Citi has joined JPMorgan as the world’s most systemically important banks, replacing HSBC in a group of 30 lenders who must hold extra capital from 2019 to preserve financial stability.
The group of 20 economies (G20) agreed after the 2007-09 financial crisis that top lenders, whose size and complexity means that a collapse could wreak havoc in markets, should hold extra capital, according to the level of risk they present.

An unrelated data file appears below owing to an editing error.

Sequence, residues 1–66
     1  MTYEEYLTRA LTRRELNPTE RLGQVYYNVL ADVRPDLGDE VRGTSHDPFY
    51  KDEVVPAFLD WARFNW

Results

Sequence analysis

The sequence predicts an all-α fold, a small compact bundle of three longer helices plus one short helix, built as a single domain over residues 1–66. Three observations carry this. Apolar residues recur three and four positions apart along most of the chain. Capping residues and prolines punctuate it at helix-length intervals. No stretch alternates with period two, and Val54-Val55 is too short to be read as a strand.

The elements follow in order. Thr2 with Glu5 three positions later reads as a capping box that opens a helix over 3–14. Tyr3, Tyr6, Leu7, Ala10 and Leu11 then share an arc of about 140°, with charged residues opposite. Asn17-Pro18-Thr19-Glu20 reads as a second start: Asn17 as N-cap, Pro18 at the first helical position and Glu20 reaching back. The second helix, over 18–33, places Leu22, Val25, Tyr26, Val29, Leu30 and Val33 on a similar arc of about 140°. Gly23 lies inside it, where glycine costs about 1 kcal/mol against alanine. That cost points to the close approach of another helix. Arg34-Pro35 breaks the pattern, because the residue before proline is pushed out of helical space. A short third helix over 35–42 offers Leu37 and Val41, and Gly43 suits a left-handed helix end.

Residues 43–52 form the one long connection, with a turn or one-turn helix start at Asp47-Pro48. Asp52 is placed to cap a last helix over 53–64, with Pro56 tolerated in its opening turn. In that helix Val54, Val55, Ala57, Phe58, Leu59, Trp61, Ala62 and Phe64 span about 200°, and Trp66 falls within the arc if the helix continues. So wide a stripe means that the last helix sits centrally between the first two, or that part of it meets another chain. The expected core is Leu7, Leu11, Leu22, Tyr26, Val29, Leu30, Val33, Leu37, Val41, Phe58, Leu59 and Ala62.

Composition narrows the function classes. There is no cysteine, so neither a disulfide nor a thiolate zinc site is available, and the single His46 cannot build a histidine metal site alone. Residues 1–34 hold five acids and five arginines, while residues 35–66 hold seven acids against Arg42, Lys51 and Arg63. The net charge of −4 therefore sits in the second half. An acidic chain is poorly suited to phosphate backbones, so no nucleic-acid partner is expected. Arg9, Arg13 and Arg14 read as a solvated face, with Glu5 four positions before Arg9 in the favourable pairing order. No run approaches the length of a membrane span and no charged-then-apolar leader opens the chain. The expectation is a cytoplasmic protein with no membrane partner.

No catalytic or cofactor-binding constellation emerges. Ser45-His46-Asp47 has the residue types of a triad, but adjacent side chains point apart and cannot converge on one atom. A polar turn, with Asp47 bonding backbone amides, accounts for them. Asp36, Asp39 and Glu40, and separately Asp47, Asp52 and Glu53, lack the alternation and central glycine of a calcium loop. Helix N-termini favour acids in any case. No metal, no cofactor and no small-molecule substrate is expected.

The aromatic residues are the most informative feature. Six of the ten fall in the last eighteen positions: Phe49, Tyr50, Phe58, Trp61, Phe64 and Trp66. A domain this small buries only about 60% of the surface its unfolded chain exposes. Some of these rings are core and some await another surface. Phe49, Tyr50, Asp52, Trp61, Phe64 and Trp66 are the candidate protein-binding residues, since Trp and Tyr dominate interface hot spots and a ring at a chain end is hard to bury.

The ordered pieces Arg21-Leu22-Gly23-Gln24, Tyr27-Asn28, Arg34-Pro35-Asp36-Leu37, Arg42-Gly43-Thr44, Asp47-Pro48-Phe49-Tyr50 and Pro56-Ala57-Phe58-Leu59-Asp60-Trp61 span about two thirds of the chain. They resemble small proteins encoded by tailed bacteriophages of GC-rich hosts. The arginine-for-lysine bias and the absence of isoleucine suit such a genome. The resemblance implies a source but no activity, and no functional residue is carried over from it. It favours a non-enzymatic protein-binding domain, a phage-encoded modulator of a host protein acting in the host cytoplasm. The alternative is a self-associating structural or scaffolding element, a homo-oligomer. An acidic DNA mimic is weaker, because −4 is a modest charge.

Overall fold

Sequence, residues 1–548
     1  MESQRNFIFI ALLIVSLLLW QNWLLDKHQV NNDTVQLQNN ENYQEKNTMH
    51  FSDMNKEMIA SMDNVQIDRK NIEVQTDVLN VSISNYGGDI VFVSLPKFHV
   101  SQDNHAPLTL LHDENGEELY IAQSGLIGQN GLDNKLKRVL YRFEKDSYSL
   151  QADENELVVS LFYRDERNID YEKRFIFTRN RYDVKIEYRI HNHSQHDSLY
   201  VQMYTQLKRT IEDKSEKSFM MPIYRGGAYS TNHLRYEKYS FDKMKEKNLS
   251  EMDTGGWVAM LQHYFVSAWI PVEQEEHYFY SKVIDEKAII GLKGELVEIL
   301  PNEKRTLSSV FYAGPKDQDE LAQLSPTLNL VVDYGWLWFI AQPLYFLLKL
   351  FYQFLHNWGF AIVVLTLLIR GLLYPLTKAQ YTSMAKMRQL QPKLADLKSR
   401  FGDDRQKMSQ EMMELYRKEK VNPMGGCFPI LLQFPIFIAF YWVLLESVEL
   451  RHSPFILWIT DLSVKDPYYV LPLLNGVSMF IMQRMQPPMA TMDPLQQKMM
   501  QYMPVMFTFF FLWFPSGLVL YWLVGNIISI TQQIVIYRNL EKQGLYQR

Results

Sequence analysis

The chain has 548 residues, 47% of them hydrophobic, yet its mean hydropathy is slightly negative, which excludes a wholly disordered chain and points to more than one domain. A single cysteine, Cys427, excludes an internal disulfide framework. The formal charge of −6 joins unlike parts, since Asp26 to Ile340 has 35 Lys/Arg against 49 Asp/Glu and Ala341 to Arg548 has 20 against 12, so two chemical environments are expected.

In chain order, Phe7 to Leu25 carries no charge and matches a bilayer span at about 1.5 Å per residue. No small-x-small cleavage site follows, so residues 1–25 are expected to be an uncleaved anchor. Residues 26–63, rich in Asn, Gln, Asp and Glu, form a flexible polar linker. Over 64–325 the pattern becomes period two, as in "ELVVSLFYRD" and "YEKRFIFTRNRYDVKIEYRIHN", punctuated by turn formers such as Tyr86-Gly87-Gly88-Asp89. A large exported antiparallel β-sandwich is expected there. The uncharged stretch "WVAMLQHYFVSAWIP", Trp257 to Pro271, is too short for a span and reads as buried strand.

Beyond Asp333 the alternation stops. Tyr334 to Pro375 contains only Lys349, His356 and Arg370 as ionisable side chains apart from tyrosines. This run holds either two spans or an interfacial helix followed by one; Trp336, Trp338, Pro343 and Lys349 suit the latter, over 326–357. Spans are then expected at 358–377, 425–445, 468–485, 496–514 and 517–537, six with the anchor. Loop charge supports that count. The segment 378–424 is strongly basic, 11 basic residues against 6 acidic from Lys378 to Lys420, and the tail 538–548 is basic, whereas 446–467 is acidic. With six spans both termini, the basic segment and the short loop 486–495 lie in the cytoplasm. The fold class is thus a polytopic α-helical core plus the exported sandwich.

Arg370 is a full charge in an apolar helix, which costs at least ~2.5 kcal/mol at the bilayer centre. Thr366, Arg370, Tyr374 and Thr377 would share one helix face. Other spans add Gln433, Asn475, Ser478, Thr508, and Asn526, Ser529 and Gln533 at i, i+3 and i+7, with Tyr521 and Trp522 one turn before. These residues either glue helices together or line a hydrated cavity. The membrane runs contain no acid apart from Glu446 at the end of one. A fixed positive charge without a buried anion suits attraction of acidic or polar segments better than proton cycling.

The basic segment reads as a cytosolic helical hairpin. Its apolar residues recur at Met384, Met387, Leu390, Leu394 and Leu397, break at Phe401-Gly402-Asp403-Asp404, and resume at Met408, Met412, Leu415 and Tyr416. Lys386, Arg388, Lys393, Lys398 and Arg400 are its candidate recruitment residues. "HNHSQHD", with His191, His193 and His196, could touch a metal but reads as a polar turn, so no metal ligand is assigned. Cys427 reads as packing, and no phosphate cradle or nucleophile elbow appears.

In the annual update of rankings published on Monday by the Financial Stability Board (FSB), Citi has replaced HSBC in the top “bucket” of a 2.5 percent capital surcharge on top of the global minimum requirements.
HSBC joins Bank of America, BNP Paribas and Deutsche Bank in the next category down, with a surcharge of 2 percent.
The FSB, a G20 regulatory task force, also updated its list of 9 globally systemically important insurers, which was unchanged from last year.